This month, Michael will publish his eighth book of short stories. His sister, Cheryl, will position him in his newest wheelchair next to her at the parking lot she oversees for the Anglican Diocese across from PMH A&E where friends he has made along the way will pay $10 for a copy. I’ve looked after the funds he has raised. Others have looked after his well-being including his mother who, though distant most of the time geographically, contributes generously to his care.

As for me, I’ve received far more from knowing Michael than I ever gave. Despite constant attention to paying every bill and sometimes handling matters for him on an everyday basis or taking food over to his house on many Sundays or being interviewed for the documentary about his life, “I am not a dummy” by Karem Mortimer, I have grown as a person because of Michael. He taught me that it is not only what you give that matters, but that what you see in the person you are giving to that makes you stronger.

Once I felt pity. Now I feel only admiration. Michael was not born with the ability to speak or control his movements. He cannot feed himself or scratch a mosquito bite that itches. He has never knelt down in prayer. But what he has accomplished is something all of us should heed. Barred from attending a government school, he taught himself to read and write watching Sesame Street. Unable to play sports or have a love affair of his own, he taught all of his “angels” as he calls us, a lesson we should never forget. To take what God gave you and make the most of it. Michael, you did it. You were given a brain and you used it. You were given determination and no one has ever tried so hard to make it amount to something.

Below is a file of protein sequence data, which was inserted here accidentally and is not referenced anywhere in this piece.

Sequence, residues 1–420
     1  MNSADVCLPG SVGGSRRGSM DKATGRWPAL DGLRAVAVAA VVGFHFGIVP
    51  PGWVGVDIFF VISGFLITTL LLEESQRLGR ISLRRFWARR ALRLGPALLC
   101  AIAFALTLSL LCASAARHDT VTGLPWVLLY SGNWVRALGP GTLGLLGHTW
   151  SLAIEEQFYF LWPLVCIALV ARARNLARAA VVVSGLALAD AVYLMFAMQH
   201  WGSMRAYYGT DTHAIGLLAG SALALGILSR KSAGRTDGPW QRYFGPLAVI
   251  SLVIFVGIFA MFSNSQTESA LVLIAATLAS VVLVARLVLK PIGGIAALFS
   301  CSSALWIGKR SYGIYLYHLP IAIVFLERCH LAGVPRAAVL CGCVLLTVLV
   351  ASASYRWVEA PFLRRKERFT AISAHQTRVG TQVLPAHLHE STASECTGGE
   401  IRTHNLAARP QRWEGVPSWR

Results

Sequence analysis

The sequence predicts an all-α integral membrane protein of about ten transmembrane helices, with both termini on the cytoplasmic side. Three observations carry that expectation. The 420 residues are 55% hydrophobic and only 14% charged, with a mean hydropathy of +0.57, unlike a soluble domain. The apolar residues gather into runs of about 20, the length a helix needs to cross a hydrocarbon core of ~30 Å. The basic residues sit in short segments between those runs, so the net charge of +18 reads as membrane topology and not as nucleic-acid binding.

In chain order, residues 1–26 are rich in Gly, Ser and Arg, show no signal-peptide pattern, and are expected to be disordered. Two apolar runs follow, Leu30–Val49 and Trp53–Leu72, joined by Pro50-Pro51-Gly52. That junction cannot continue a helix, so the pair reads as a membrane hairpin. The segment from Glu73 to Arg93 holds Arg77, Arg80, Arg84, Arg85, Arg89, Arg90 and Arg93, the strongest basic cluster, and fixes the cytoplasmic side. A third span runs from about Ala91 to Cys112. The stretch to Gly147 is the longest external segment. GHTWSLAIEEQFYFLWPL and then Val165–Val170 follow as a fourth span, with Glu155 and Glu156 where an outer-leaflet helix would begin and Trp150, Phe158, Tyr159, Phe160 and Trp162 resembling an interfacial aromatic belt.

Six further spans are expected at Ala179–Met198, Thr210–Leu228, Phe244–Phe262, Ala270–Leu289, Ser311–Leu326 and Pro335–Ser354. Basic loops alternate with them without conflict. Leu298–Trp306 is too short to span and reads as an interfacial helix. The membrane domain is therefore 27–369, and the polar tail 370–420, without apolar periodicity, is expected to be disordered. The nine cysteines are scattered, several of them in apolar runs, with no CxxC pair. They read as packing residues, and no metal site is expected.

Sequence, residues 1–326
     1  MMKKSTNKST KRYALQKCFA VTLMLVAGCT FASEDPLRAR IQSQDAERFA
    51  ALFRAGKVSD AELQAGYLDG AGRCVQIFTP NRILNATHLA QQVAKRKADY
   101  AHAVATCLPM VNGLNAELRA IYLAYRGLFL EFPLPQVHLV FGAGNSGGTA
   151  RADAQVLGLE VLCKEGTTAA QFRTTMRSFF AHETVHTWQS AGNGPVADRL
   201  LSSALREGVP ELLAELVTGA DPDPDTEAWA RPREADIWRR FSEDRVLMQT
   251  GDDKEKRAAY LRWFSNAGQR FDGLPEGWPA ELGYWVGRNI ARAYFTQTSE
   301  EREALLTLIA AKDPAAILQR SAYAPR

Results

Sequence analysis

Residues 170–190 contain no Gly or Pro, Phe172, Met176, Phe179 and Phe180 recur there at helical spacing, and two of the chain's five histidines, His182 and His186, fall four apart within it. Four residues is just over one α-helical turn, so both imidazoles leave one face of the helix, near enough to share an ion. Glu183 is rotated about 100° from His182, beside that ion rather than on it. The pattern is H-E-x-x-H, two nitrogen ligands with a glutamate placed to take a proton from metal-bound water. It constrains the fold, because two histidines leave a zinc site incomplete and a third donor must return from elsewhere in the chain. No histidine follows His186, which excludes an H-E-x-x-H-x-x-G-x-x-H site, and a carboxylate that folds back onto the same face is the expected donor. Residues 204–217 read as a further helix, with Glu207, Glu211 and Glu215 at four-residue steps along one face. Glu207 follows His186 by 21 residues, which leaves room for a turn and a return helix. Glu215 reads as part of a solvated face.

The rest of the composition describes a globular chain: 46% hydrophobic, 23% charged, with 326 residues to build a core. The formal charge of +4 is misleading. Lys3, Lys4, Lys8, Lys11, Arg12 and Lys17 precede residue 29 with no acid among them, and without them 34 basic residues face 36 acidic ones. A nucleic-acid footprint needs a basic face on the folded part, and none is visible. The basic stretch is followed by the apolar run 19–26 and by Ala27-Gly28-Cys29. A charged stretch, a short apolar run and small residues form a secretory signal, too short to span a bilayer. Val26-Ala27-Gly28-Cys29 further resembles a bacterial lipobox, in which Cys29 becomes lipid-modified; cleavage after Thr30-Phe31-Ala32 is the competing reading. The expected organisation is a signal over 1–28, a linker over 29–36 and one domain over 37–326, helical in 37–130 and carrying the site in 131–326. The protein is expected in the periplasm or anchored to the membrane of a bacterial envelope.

You are a wonder and you will always be my inspiration.

When being two-faced could be just the thing

Ever notice that the typical living room has a TV as its centrepiece and all the furniture is arranged so that everyone can see whatever is on it? Given that a TV has a single screen, that means that for the most part even if a living room has three or four walls, seating is on one to two with the remainder given over for book shelves or other less body-friendly pieces.

I was thinking about this partially because our daughter, Brooke, has a furniture and home décor store in Sandyport called Oasis (so furniture and décor are rarely far from front of mind) and partially because I couldn’t sleep (also frequently front of mind) and it occurred to me that you could invent a dual-sided TV with screens on front and back so you could have wraparound view as well as surround-sound. I realize TVs emit heat and the back of most televisions consists of vents. But what if you separated the screens just enough for a chip to direct the heat upwards since heat rises anyway and you installed a mini-fan near the top?

I am not an inventor (obviously) but one day someone will do something like that and all those giant screen TVs that face only one direction will be as popular as mono was after the discovery of stereo. Just you wait and see. Hopefully, by then I will have learned how to get a good night’s rest and leave the inventions to others who know what they are doing. Still, it was a thought.

Look what Cayman is saying about a development plan

Happened to come across an editorial in the Cayman Compass this week when, while editorializing in favour of a proposal to consider a high rise building on world famous seven-mile beach, editorial writers lamented that Cayman’s development plan had not been updated since 1997. Twenty-two years without an update, what a shame.

In The Bahamas, we managed to go more than 300 years without a plan at all.